This much is known: K-12 funding will be the priority. Huge investments are needed to comply with the State Supreme Court's McCleary decision. Two years ago, the court ordered the Legislature to make measurable progress each year to fully fund K-12 education by 2018.
What's unknown is how the Legislature will come up with the money. The past practice of using college and university budgets as bank machines to pay for other needs would defeat the purpose. In today's economy, a high school diploma is a starting point, not a finishing line. A college education or work-based learning is the only real chance students have to earn a comfortable wage and survive future economic downturns. And, our state's economy depends on higher levels of skills and knowledge. That's why the state Legislature and governor adopted the goal that 70 percent of adults have a post-secondary credential by 2023.
Increasing K-12 funding with cuts to higher education would be like starting a race but tripping the runners.
Unlike K-12 education, college and university budgets are not protected by the state constitution. During the height of the recession, state funding for higher education was slashed dramatically. Students shouldered much of the burden in the form of double-digit tuition increases and heavier student loans.
To its credit, the Legislature stopped the downward spiral in the current state budget. Lawmakers spared higher education from further cuts and even made some much-needed investments, including more money for aerospace training. Still, all is not well with higher education funding.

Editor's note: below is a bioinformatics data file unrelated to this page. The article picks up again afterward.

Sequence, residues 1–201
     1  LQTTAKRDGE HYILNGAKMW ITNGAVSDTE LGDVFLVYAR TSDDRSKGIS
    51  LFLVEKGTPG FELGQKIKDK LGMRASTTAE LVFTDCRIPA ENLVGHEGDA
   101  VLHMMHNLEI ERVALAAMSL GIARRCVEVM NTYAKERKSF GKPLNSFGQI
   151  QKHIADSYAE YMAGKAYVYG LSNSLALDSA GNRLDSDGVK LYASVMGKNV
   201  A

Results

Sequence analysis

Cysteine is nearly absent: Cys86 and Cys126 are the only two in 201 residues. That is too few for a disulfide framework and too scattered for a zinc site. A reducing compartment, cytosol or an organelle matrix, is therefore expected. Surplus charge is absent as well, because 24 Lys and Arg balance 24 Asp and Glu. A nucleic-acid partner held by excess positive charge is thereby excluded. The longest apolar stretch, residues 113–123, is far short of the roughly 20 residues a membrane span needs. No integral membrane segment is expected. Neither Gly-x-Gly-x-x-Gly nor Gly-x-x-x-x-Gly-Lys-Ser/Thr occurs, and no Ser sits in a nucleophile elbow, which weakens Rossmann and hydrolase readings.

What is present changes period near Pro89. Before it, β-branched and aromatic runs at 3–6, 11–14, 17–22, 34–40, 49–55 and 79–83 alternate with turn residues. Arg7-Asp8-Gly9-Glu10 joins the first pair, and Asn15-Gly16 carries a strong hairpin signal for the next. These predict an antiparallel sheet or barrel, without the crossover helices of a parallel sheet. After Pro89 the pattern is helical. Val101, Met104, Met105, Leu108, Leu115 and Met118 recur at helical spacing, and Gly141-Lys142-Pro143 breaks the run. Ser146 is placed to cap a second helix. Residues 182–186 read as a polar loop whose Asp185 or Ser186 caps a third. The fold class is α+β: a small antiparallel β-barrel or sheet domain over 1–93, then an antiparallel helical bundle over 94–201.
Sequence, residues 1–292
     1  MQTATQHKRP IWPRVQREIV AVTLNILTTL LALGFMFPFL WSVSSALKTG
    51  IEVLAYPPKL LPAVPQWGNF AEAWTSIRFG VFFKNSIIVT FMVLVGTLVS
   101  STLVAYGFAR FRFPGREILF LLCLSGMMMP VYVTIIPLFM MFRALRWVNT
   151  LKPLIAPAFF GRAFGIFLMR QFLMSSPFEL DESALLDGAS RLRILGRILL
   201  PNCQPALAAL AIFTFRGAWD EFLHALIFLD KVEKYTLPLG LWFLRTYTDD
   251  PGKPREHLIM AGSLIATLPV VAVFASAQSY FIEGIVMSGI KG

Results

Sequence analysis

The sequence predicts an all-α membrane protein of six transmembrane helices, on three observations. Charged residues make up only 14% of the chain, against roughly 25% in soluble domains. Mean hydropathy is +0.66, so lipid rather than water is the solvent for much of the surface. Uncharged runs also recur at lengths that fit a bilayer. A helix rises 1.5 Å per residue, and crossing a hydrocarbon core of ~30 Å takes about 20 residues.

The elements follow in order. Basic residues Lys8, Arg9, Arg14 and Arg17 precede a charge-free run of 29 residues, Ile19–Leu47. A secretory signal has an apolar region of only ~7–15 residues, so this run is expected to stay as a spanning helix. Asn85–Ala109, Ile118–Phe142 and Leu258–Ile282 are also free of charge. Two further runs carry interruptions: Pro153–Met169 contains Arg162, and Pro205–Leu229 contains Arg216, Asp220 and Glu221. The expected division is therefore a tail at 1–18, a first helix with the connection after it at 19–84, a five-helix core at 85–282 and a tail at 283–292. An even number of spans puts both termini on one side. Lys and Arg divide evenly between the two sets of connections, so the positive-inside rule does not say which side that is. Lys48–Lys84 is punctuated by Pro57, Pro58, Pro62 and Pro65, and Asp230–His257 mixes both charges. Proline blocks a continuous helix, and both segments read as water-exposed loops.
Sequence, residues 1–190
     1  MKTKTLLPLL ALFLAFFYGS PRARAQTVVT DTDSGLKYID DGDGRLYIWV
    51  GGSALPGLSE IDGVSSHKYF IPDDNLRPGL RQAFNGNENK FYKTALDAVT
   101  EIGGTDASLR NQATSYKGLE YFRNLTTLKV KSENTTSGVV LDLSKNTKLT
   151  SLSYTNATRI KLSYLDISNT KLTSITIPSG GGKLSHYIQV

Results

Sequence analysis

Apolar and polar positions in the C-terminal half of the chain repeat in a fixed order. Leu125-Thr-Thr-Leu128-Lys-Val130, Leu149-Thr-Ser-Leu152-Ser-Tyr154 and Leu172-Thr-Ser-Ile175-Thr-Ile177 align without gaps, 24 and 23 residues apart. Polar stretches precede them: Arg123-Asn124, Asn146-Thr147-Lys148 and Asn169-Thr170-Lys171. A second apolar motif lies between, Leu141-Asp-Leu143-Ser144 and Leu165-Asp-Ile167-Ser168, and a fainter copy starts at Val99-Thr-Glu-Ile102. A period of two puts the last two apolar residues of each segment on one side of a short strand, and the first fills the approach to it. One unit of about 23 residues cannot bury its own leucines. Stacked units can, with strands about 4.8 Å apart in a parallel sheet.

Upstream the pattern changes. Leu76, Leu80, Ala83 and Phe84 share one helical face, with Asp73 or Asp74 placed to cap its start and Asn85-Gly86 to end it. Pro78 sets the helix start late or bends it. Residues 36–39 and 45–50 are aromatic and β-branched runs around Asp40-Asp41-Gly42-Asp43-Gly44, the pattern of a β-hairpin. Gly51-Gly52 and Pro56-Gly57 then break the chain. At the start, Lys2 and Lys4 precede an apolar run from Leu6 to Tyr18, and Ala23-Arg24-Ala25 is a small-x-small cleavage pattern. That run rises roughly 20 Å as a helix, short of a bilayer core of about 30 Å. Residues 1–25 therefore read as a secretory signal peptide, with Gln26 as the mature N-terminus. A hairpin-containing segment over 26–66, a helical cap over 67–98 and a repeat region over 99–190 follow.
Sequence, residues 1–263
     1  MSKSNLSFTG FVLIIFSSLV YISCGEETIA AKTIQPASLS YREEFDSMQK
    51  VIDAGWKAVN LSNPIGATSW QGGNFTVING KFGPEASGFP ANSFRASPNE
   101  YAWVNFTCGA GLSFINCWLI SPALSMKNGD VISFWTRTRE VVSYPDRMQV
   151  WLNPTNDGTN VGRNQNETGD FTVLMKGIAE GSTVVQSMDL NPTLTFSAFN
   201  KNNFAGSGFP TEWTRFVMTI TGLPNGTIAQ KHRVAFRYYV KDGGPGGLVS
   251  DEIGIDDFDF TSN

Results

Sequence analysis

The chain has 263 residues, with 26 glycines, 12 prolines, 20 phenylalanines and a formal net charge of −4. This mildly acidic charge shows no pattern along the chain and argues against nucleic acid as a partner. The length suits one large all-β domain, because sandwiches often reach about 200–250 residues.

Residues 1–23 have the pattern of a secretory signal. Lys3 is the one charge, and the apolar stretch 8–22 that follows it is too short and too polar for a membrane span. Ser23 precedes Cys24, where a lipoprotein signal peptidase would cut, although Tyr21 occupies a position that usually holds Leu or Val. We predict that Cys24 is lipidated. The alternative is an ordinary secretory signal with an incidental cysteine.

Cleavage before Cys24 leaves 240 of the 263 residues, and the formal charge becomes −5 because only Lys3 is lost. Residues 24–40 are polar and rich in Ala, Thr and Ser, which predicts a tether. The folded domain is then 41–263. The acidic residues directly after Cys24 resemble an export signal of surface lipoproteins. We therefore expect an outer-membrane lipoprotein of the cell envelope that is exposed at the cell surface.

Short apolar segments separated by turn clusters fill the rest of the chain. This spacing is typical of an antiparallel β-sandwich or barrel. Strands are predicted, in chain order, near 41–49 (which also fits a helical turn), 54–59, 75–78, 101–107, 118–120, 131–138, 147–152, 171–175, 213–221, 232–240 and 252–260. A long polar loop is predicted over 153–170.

When adjusted for inflation, the current state budget spends 23 percent less each year for community and technical colleges than in 2009. Tuition increases and other resources are helping to fill the void, but students are bearing the burden. Community and technical college students now pay 35 percent of their higher education, up from 24 percent in 2009. Our community and technical college tuition is now the 16th highest in the nation. We used to be 24th.
Financial aid is another concern. About 32,443 eligible students are unable to get a State Need Grant due to insufficient funds. A majority of them — 18,800 students — are going to community and technical colleges.
Public four-year universities, the intended destination for 43 percent of our students, have faced devastating cuts as well.
And while the Legislature didn't directly cut higher education funding when it adjusted the state budget last year, a “back-of-the-budget” provision reduces all state agency budgets with the assumption that cuts will be recouped if agencies simply were more efficient. For our already lean community and technical colleges, that translates into a $2.3 million budget cut system-wide.
Budget cuts to higher education amount to opportunities lost for Washington residents. The strength of our economy and the opportunities it provides are directly tied to the education of our residents.
Community and technical colleges fill an important niche in higher education because we train students to enter directly into high-demand jobs, or to transfer to a university at a more affordable cost. We also make higher education accessible and affordable for students at every age and stage in their lives. As jobs become more high-tech and high-skill, today's adult workers are pursuing degrees to sharpen their credentials and land promotions.
As the class of 2014 steps off the stage, lawmakers should assure graduates they are walking into a secure future by amply funding higher education.
Beth Willis, chair, Washington State Board for Community and Technical Colleges.
Shaunta Hyde, vice chair, Washington State Board for Community and Technical Colleges.
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